I like background noise but I don’t generally have anything on – it tends to distract me if I’ve chosen the song/show because I’ll concentrate on that instead. There’s never a lack of background noise in this house, though!

6. One book at a time or several at once?

One, generally speaking – I have two on the go at the moment though.

7. Reading at home or everywhere?

Anywhere, but I prefer at home/somewhere on my own.

8. Reading out loud or silently in your head?

In my head, it comes more naturally to me  – I even used to read to my youngest brother and start reading in my head without realising. I like hearing poetry but I still don’t really read it aloud.

9. Do you read ahead or even skip pages?

Nooooo! You never know what you might ruin or miss!

10. Breaking the spine or keeping it like new?

Keep it like new – or, I don’t intend to break spines, I can’t say they all stay nice here though!

11. Do you write in your books?

Not really, I did for course books sometimes but not pleasure reading.

12. Who do you tag?

Anyone who wants to do it – comment below to tell me your reading habits!

See you soon,

Ro x

The Dadliest Day.

This is going to be a really short one as I’m away for a few days, but just thought I’d share something. Yesterday, as I’m sure you’re well aware, was Father’s Day. I’m so lucky to have a dad as selfless, caring and brilliant as mine. He may get grumpy and he constantly moans at me for the state of my room (which even I’ll admit is disgustingly messy most of the time!) but he’s fantastic. Have few mildly embarrassing pictures of him and let me hear all about your great dads (or mums/parents!) in the comments!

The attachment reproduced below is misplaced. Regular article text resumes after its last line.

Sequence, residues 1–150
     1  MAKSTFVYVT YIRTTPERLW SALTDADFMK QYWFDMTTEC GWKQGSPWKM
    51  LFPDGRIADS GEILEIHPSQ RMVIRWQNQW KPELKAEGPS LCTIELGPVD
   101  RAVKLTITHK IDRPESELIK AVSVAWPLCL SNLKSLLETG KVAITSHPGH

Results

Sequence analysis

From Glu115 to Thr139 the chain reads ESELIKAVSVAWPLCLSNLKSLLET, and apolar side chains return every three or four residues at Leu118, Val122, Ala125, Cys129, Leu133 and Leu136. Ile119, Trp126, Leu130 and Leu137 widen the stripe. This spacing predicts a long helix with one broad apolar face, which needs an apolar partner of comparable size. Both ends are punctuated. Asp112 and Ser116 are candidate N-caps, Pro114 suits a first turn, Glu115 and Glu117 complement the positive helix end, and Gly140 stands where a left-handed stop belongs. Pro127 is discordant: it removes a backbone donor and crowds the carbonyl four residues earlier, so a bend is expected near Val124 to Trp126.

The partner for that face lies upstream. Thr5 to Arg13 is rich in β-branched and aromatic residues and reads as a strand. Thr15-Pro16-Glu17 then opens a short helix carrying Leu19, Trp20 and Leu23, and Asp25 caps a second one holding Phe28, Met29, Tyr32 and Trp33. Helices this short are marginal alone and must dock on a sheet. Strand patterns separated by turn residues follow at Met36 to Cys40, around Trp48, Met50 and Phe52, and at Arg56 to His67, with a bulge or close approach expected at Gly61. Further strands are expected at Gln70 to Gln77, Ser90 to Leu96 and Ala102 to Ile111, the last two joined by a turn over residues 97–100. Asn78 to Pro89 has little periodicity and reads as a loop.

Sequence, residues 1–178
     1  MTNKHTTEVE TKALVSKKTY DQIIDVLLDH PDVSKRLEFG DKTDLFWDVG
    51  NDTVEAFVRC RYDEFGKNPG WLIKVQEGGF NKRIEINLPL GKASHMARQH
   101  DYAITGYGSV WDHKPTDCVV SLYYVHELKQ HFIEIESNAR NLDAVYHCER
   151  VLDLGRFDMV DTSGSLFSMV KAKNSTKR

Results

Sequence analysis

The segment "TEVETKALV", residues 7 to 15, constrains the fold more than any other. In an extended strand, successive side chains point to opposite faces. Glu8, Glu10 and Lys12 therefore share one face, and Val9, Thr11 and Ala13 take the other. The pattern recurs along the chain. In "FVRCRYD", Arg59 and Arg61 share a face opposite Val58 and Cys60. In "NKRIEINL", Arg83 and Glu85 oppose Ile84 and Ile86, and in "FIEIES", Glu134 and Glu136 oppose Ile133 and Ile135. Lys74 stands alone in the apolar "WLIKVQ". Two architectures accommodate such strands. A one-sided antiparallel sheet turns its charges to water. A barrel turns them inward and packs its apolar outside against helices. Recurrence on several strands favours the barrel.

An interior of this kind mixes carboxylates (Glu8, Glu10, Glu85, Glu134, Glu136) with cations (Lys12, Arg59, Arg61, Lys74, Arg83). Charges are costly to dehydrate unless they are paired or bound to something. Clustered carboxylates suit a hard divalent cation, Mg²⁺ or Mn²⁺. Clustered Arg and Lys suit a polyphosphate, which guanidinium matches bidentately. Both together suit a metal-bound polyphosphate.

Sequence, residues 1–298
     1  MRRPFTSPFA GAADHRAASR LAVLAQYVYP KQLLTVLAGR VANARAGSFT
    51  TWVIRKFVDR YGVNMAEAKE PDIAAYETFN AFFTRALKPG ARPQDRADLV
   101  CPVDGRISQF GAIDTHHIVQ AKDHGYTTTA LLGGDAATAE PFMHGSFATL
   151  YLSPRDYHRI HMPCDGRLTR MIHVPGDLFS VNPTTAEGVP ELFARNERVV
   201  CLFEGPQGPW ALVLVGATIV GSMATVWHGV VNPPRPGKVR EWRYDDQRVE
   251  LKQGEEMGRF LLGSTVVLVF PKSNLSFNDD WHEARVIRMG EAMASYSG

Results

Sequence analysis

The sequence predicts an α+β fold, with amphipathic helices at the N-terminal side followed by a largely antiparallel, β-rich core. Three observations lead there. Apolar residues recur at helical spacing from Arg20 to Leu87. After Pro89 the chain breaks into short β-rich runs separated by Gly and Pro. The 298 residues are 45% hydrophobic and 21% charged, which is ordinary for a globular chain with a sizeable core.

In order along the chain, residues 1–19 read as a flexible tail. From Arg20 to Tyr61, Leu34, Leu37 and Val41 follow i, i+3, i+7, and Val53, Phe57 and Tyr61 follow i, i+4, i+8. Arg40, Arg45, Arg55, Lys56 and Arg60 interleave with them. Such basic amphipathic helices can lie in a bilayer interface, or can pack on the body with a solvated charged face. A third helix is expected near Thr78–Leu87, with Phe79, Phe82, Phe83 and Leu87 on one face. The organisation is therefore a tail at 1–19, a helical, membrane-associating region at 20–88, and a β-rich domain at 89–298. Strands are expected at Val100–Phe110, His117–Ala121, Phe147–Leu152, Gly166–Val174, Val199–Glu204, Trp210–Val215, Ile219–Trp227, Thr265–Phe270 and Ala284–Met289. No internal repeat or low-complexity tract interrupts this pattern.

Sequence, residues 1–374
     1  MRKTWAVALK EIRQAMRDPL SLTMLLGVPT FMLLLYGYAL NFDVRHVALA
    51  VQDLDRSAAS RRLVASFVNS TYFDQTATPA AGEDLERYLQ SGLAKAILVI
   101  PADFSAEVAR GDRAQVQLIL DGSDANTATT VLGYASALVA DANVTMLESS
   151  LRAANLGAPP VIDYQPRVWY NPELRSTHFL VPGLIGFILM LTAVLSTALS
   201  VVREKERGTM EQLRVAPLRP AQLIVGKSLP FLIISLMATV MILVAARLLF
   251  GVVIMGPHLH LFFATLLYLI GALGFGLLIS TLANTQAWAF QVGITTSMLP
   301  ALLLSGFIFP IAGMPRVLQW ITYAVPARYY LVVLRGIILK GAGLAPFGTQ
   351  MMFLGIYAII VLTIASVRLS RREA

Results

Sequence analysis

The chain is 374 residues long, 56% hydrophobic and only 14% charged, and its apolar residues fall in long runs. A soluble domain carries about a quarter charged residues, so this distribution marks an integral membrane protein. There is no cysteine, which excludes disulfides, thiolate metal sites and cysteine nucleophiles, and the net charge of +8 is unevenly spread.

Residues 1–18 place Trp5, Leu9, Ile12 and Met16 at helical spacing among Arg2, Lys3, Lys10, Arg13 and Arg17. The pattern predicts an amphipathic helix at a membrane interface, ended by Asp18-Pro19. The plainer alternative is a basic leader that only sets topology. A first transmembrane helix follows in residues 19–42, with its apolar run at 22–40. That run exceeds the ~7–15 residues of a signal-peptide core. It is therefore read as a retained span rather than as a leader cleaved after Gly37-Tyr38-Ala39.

image1
Sorry dad, think I wore them better.
Dad1
One is not amused.

 

Dad2
This is the only recent picture I have of us that we don’t look miserable in – my 19th birthday (NYE 2013)

Enjoy the Toblerone & Eric Clapton album, Dad!

Love, Your Favourite x

 

 

It’s Not The Time.

I know I’m supposed to be posting a creative piece today, but this is just so much more important. I’m so saddened by the attack in Orlando and confused by some reactions to this that I couldn’t just carry on like normal today – creative piece will happen later on in the week.

As I’m sure you’re all aware, last night 50 people were killed and 53 injured in a mass shooting at a gay club in Orlando. A place that was considered “safe” for LGBT+ people to embrace and celebrate who they are was attacked. My heart is so heavy and while I started writing this angrily, it’s just turned into more sadness over the loss of life.

In a situation like this, you expect people to mourn. You expect Facebook news feeds, Twitter feeds, WordPress readers to be full of people paying their respects. Of course I saw many of these sorts of posts – there’s an awful lot of sadness and an awful lot of anger, as there should be. I also unfortunately keep seeing people making the comment that it “doesn’t matter” that these people were LGBT+, and that “all lives matter”. A lot of people are comparing it to the Paris shootings.